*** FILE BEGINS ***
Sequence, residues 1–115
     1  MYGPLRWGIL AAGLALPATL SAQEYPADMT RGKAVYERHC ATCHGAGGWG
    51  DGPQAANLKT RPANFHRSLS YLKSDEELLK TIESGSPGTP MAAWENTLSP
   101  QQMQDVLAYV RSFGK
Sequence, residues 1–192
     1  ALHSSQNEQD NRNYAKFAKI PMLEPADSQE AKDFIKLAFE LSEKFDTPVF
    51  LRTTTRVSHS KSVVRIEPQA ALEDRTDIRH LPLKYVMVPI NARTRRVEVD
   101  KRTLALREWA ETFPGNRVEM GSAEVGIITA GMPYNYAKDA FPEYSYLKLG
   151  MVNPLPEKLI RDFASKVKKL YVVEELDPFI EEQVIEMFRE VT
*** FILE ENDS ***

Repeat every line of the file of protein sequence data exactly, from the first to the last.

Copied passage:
Sequence, residues 1–115
     1  MYGPLRWGIL AAGLALPATL SAQEYPADMT RGKAVYERHC ATCHGAGGWG
    51  DGPQAANLKT RPANFHRSLS YLKSDEELLK TIESGSPGTP MAAWENTLSP
   101  QQMQDVLAYV RSFGK
Sequence, residues 1–192
     1  ALHSSQNEQD NRNYAKFAKI PMLEPADSQE AKDFIKLAFE LSEKFDTPVF
    51  LRTTTRVSHS KSVVRIEPQA ALEDRTDIRH LPLKYVMVPI NARTRRVEVD
   101  KRTLALREWA ETFPGNRVEM GSAEVGIITA GMPYNYAKDA FPEYSYLKLG
   151  MVNPLPEKLI RDFASKVKKL YVVEELDPFI EEQVIEMFRE VT